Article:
They suggested that the learning effect that occurs with repeated assessments will make it difficult to judge the results of a clinical trial. I disagree. Why? Surely the randomisation process between active and placebo groups will take care of learning effects?
It is clear from the spinal cord injury field that rehabilitation is essential to improve outcomes. Rats with spinal cord injury that are not given tasks to use the affected, or paralysed, limbs don’t recover function. In comparison rats who are given rehabilitation have a remarkable ability to recover function. The same applies to humans with spinal cord injury and surely to pwMS. If you don’t use it you lose it.
Contrary to the status quo we think that getting pwMS to use their hands and limbs will improve outcomes. This is why this study below of using computer games to promote recovery of upper limb function is so important. Alison in our group is currently developing a new upper limb outcome measure for pwMS. Her idea is that the outcome measure will encourage people to improve rather than remain the same or to simply watch themselves deteriorate. In other words, the outcome measure becomes the catalyst to ‘Do It and not Lose It’.
Alison is currently running an online survey to help with her project. If you have the time could you please complete the survey it takes less than 3 minutes. Thank you.
For more information on this research, please read the participant information and leave any questions in the comments field.
Jonsdottir et al. Serious games for arm rehabilitation of persons with multiple sclerosis. A randomized controlled pilot study. Mult Scler Relat Disord. 2017 Oct 28;19:25-29
OBJECTIVES: The feasibility and preliminary evidence for the efficacy of a serious games platform compared to exergame using the Wii for arm rehabilitation in persons with multiple sclerosis (MS) was investigated.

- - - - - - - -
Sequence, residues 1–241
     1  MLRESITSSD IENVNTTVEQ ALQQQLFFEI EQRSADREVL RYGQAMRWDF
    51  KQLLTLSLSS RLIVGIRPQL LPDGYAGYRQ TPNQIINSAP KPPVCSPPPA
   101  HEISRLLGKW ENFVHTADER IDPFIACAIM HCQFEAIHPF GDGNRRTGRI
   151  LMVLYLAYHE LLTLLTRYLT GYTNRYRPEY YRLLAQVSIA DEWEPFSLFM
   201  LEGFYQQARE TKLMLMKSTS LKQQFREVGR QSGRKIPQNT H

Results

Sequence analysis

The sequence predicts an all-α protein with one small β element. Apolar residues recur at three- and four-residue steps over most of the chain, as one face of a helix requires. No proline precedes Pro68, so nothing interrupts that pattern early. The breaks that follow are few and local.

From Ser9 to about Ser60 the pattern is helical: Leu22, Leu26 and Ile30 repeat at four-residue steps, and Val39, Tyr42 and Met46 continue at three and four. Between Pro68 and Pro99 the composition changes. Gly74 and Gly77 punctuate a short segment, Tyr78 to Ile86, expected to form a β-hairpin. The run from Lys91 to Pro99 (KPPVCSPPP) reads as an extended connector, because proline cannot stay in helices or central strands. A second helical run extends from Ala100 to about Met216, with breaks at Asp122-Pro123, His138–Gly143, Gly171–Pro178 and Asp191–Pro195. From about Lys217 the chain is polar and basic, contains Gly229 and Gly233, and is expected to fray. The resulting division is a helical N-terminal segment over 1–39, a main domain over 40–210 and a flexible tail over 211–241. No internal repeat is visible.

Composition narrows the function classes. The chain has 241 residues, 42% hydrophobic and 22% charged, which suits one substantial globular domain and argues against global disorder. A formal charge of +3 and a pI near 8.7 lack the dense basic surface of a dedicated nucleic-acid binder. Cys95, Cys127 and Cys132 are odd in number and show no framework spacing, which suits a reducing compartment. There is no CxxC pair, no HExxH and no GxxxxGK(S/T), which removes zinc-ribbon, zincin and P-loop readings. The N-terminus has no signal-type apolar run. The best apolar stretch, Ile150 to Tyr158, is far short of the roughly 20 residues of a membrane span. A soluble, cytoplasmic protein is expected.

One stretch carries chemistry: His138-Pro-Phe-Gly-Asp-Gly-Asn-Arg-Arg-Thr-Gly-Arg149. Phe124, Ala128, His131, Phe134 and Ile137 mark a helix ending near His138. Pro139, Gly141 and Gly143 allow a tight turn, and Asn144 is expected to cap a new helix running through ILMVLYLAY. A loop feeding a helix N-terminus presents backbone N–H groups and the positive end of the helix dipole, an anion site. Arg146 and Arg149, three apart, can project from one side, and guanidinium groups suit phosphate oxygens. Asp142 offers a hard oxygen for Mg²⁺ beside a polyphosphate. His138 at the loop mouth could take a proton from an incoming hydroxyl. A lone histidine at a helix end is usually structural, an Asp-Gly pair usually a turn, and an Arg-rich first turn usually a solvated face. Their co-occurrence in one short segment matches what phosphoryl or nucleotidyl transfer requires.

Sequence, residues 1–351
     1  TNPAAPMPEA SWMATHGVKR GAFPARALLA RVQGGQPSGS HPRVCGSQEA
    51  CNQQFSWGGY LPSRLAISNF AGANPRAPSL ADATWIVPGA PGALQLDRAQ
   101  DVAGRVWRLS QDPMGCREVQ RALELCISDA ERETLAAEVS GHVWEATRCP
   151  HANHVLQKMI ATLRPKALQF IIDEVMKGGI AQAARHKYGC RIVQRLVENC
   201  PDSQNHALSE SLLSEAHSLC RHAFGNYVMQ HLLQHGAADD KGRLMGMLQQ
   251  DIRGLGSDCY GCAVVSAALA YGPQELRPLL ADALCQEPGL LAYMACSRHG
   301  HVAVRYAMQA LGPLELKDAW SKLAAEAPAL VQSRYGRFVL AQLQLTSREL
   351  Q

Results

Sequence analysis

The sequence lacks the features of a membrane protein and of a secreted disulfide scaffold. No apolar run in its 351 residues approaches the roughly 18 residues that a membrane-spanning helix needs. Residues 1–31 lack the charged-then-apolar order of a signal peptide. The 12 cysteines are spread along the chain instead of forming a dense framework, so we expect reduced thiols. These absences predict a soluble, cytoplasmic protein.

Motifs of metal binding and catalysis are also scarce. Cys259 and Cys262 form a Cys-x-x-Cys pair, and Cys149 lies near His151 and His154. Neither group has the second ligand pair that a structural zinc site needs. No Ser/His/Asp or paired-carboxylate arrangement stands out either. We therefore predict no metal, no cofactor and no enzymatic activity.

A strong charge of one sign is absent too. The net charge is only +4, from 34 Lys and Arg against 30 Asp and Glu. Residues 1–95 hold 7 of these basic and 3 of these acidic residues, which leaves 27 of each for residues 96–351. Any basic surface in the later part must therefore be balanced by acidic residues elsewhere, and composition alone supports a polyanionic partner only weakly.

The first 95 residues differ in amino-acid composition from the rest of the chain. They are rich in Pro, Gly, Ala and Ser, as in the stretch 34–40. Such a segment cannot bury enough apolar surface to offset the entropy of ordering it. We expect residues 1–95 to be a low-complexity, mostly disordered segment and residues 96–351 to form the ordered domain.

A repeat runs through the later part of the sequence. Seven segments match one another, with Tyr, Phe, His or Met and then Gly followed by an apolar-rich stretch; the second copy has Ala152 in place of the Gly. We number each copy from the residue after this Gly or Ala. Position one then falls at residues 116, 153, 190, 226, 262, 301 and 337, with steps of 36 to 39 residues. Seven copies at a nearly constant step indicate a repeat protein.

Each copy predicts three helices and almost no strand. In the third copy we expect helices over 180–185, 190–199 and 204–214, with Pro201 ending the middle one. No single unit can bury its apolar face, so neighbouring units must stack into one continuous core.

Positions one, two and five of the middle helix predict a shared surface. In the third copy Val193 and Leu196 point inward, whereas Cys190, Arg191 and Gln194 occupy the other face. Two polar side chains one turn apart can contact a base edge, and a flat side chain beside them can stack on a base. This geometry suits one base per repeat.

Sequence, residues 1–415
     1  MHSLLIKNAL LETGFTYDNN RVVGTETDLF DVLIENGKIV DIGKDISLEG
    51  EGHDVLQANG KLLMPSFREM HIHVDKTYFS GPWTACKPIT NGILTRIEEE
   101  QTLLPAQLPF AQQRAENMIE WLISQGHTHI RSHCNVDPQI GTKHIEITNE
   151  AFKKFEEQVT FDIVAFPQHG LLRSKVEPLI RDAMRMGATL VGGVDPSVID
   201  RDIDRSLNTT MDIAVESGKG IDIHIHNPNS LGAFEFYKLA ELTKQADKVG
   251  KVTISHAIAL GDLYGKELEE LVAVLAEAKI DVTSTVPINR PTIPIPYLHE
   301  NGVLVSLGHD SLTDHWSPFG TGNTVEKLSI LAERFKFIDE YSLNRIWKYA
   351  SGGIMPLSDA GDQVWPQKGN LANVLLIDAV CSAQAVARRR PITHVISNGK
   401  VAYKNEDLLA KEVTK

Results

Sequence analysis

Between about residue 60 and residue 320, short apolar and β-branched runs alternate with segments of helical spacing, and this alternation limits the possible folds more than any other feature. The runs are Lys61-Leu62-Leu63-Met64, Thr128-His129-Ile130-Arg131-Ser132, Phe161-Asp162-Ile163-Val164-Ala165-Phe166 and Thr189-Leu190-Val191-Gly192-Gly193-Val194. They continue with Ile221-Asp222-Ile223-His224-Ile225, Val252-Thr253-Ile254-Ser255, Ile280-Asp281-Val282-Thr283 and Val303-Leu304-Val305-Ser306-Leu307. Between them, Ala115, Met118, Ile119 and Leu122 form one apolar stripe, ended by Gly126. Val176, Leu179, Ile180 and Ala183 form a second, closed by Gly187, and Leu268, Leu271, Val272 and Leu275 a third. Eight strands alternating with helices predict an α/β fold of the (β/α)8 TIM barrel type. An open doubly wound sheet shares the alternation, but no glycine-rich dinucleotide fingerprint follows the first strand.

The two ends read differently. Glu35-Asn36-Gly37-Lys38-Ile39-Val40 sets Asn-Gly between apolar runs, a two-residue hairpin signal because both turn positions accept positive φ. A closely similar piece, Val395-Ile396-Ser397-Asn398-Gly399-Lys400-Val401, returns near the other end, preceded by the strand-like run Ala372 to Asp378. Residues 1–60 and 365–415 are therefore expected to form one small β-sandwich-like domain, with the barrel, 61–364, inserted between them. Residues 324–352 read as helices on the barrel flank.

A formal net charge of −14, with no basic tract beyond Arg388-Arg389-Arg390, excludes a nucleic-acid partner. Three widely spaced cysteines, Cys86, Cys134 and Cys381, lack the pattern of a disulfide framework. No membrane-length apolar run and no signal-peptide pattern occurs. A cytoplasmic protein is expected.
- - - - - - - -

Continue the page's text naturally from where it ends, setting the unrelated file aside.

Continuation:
METHODS: A pilot single-blind randomized (2:1) controlled in clinical trial was carried out. Sixteen persons with MS participated (age years 56.8 (SD 12.3), MS-onset years 19.4 (SD 12.3), EDSS 6.5). Ten participants used a serious games platform (Rehab@Home) while 6 participants played with the commercial Wii platform, for four weeks (40min, 12 sessions/4 weeks). Feasibility and user experience measures were collected. Primary outcomes were the 9 Hole Peg Test (9HPT) and the Box and Block test (BBT). Secondary outcomes were the EQ-5D visual analogue scale (EQ-VAS) and the SF-12. Nonparametric analysis was used to verify changes from pre to post-rehabilitation within group and treatment effect was verified with Mann-Whitney U test. P value was set at 0.10 and clinical improvement was set at 20% improvement from baseline.
CONCLUSIONS: Virtual reality in a serious gaming approach was feasible and beneficial to arm function of persons with MS but motivational aspects of the approach may need further attention.